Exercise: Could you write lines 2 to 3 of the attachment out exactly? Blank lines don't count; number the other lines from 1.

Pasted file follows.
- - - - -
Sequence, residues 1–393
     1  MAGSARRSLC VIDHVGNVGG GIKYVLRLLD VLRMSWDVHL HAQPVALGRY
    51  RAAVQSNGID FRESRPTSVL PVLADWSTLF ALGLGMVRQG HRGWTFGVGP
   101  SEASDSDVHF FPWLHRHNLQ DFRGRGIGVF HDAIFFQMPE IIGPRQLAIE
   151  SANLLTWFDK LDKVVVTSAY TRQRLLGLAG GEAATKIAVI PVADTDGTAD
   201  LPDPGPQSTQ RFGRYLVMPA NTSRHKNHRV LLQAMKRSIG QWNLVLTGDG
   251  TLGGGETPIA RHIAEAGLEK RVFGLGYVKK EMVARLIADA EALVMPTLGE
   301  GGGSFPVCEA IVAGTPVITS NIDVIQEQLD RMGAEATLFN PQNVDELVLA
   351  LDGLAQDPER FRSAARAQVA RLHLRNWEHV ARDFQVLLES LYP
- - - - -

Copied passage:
     1  MAGSARRSLC VIDHVGNVGG GIKYVLRLLD VLRMSWDVHL HAQPVALGRY
    51  RAAVQSNGID FRESRPTSVL PVLADWSTLF ALGLGMVRQG HRGWTFGVGP